Rabbis Without Borders
Rabbis Without Borders is a dynamic forum for exploring contemporary issues in the Jewish world and beyond. Written by rabbis of different denominations, viewpoints, and parts of the country, Rabbis Without Borders is a project of Clal – The National Jewish Center for Learning and Leadership.
As a rabbi, one of the life-cycle processes I accompany people through is the funeral. When a person dies, burying them with dignity is a mitzvah, a commandment, in Jewish tradition. But when I do a funeral, I am serving the living, bereaved loved ones at least as much as I am serving the person who has died, probably more.
It is a tremendous privilege and blessing to be asked to do a funeral. That may sound strange, and some funerals are more difficult than others. But it is a great honor to be let into people’s lives at the vulnerable time when they are just starting to realize that their loved one is gone. The memories that are shared, the stories told, the tears and, often, the laughter, are so meaningful.
There are questions that I ask family members or friends when a loved one died. Many of the questions are to elicit stories that they or I might use when we give the hespeds or eulogies, at the funeral. Questions like: What kind of a parent was he or she? What do you remember him or her as being like as a young person? What kinds of things did the family do together? How did the person meet his or her spouse? Were there any memorable trips or vacations? What was his or her sense of humor like? Family members and friends have told me about inside jokes, birthday celebrations, romantic courtships, accidents on vacations that were funny afterward, and how much he or she loved the family.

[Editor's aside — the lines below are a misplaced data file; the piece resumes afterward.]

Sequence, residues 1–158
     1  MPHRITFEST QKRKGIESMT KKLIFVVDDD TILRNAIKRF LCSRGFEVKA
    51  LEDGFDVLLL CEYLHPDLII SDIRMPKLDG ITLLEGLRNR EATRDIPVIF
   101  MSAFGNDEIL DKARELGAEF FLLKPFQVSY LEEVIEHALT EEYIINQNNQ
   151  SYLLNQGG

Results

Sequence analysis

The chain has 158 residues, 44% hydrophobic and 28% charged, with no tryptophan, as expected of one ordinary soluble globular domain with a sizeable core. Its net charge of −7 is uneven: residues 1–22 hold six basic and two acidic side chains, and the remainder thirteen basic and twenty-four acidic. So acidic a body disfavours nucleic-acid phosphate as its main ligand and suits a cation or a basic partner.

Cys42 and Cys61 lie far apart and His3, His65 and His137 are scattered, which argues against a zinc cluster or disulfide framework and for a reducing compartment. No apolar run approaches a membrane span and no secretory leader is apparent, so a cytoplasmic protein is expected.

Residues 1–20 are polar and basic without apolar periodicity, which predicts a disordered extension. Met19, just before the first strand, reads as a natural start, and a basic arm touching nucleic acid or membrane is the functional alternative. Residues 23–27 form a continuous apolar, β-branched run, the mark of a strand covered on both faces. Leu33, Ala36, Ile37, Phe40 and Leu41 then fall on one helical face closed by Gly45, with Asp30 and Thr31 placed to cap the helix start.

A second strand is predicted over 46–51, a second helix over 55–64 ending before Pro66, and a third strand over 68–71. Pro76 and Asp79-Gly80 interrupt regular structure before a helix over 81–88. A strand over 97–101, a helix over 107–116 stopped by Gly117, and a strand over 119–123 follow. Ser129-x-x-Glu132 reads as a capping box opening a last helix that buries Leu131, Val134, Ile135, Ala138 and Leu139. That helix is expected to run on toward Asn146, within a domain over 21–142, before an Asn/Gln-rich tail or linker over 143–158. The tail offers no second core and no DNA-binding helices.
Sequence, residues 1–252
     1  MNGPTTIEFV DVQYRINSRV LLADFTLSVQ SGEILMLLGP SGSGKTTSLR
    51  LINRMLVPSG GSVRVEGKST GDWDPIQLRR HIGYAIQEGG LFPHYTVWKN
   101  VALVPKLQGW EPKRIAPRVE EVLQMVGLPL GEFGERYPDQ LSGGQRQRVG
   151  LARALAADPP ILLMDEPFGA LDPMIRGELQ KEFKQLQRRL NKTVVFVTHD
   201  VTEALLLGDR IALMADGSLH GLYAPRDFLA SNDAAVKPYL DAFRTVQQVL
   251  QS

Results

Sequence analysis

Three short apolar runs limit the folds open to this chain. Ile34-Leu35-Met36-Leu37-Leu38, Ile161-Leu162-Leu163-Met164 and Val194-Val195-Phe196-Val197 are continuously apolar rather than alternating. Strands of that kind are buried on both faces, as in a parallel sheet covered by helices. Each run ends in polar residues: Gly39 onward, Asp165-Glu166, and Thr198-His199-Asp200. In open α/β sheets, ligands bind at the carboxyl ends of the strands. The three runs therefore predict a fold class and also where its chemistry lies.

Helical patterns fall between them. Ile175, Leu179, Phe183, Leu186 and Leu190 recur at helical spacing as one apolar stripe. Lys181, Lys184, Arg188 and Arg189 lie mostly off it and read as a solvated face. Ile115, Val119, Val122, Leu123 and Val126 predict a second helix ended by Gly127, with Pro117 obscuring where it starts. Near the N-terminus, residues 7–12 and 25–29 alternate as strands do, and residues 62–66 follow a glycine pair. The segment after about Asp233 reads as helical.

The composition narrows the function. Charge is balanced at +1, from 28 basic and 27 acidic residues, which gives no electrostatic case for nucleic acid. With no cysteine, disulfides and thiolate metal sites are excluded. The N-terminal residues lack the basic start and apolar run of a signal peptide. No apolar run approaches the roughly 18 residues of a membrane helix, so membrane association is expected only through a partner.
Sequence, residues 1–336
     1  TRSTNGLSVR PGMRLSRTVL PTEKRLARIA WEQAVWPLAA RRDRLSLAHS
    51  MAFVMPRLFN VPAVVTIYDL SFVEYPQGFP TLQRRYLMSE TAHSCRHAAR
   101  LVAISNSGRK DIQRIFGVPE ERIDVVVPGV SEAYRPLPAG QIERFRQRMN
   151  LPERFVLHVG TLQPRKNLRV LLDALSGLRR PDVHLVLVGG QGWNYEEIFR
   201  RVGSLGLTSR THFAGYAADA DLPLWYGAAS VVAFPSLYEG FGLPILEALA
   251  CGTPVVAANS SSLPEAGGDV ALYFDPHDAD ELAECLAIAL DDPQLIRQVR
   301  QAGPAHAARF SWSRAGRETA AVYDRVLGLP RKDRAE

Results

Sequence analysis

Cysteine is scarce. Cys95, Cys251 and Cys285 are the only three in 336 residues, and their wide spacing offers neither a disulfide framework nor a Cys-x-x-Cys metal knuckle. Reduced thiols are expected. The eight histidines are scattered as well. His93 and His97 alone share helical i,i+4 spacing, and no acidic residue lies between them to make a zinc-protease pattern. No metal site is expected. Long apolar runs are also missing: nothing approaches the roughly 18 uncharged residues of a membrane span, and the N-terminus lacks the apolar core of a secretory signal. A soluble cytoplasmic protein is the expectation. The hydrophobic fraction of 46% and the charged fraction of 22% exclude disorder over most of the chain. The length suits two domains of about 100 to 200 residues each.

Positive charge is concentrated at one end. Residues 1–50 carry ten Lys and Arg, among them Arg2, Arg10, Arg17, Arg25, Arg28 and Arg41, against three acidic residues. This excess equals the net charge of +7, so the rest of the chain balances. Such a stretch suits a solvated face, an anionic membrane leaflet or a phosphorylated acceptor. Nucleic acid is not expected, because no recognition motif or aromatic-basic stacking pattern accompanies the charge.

These are usually questions the family and friends can answer. There are other questions they have more trouble answering, and at the top of that list, especially if the person who died was elderly, is “What was their Hebrew name?” For Jewish family members who don’t attend synagogue regularly, or even if they do, go to synagogues where they are not called to the Torah by their Hebrew name, family members often have no idea what it is. This is made more difficult by the fact that even if you know the Hebrew name, for example, that the person’s name was “Yaakov,” a full Hebrew name includes the names of the parents, for example, “Yaakov ben (son of) Yitzchak v’Rivka.” I don’t mind using the English name during the funeral, but for a gravestone, usually Jewish families include a Hebrew name. Sometimes families regret that they don’t know what it is.
Talk to your family members. Ask them what their Hebrew names are, if they have them, and what their parents’ Hebrew names were. Ask about their childhoods, what their favorite family stories are. Write them down or record them. Shortly before my mother died, I happened to ask her if she had a favorite Psalm, and discovered for the first time that she did: Psalm 139, “except for the cruel parts.” I cannot tell you how many times I have been grateful to know that. It is a blessing to know these things about those we love while they are alive, and after they die.
Pronunced: TORE-uh, Origin: Hebrew, the Five Books of Moses.